Shericka Jackson, 27, captured the bronze medal. She recorded a personal-best time of 10.76. It’s the first time since 2008 that Jamaica repeated its historic feat of claiming all three medals in the 100.

Jamaica has defended the gold medal in this category since Fraser-Pryce made history by claiming the first gold medal for the country at the 2008 Beijing Games. 

Olympic champion and Jamaican legend Usain Bolt reacted on Twitter to the news shortly after the victory.  

The race started after a beautiful light display on the track at the Olympic Stadium in Tokyo.

Earlier, the Athletics category had hosted the first ever mixed 4×400-meter relay, which saw a surprise win by Poland, the top qualifying team in the heat, which finished the final with an Olympic record of 3 minutes, 9.87 seconds. Silver and bronze medals went to the Dominican Republic and the U.S., respectively. 

Football (Soccer)

Japan Beats New Zealand in Penalty Shootout to Reach Semifinals

Japan defeated New Zealand 4-2 on penalties to advance to the semifinals of the men’s soccer competition.

Captain Maya Yoshida scored the winning goal to seal victory in the shootout after neither team was able to score in 120 minutes at Kashima Stadium.

Japan is seeking its first Olympic men’s soccer medal since winning bronze at the 1968 Mexico Games. The hosts will face Spain in the semifinals on Tuesday, August 3. Spain beat Ivory Coast 5-2, thanks to a hat trick from substitute Rafa Mir.

After 30 minutes of extra time failed to determine a winner, the match went to a shootout where Ayase Ueda, Kou Itakura, Yuta Nakayama and Yoshida all scored for Japan.

Advertisement. Scroll to continue reading.

Japan goalkeeper Kosei Tani saved Liberato Cacace‘s attempt, and Clayton Lewis also missed for New Zealand.

Rugby Sevens

New Zealand Hammers France in Women’s Final

New Zealand won the gold medal in women’s rugby sevens, beating France 26-12. The Kiwis topped the silver medal they earned in the men’s rugby sevens event at Tokyo Stadium.

New Zealand quickly took the lead, with Michaela Blyde scoring a try one minute into the first half and Tyla Nathan-Wong adding a conversion 18 seconds later.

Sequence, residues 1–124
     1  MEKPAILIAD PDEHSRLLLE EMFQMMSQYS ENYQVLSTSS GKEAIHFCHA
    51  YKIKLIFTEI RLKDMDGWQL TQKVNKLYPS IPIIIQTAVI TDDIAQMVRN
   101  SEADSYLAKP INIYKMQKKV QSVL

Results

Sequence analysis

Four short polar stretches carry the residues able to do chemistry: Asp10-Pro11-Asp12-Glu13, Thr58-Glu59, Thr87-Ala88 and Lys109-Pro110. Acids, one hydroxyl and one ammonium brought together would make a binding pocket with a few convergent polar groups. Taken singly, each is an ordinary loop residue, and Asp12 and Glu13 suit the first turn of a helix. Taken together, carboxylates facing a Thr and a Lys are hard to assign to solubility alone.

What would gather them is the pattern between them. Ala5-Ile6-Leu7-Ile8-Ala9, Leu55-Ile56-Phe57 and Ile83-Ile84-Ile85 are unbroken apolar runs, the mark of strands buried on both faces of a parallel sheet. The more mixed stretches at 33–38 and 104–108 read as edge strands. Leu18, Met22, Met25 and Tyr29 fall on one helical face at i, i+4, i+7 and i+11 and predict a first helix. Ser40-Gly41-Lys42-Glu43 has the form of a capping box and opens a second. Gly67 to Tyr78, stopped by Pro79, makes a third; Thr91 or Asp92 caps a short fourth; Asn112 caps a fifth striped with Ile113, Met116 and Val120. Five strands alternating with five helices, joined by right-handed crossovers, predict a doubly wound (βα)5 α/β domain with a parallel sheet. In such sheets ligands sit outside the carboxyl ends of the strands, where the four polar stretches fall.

Japan finished last in the 12-team tournament after losing 21-12 to Brazil in the 11th-to-12th place classification match at Tokyo Stadium, one of the venues for the 2019 Rugby World Cup. 

Fiji took home the bronze medal, beating Great Britain 21-12. The third-place finish earned the nation its second medal of the Tokyo Olympics, the first being the gold medal from the men’s rugby sevens event. 


U.S. Men Rout Czech Republic, Improve to 2-0

The three-time defending Olympic champion United States men’s basketball team improved to 2-0 at the Tokyo Games with a 119-84 over the Czech Republic in a Group A evening game at Saitama Super Arena.

NBA star Jayson Tatum scored a game-high 27 points and U.S. teammate Kevin Durant added 23 points.

The Americans led 47-43 at halftime, then outscored the Czechs 35-17 in the third quarter to pull away from the underdogs.

In an earlier Group B contest, balanced scoring helped carry Italy past Nigeria 80-71

Five players scored in double figures for Italy, including Nicolo Melli with 15 and Nico Mannion with 14. 

Chimezie Metu led Nigeria with 22 points.

In other games, France topped Iran 79-62 in Group A and Australia defeated Germany 89-76 in Group B.


Bencic Victorious in Women’s Singles Final

Switzerland’s Belinda Bencic defeated the Czech Republic’s Marketa Vondrousova 7-5, 26, 6-3 in the women’s singles final at Ariake Tennis Park.

The No. 9 seed Bencic didn’t reach the quarterfinals at the year’s first three Grand Slam events (Australian Open, French Open and Wimbledon), but her breakthrough performance in Japan could be a sign of things to come for the 24-year-old.

The unseeded Vondrousova eliminated Naomi Osaka in the third round.

Authors: Jim Armstrong, Arielle Busetto, Serena Landers, Ed Odeven

Advertisement. Scroll to continue reading.
Click to comment

Leave a Reply

Your email address will not be published. Required fields are marked *

You May Also Like


For Rana, who spent the past three seasons as an assistant with the NBA’s Sacramento Kings, a rebuilding project awaits in Kyoto.

Sticky Post

Competing without weight distinction, it showcases judo in its original form, attracting all Japanese judoka to want to test themselves at least once.


Ryukyu ended Shimane’s title hopes on the final play of their semifinal series, and Utsunomiya swept Kawasaki in the other series.


American Amanda Anisimova defeated Osaka for the second time this year in a Grand Slam match.


Listen in as power forward Luke Evans of the Fighting Eagles Nagoya, a B.League second-division club, reflects on his successful first season with the...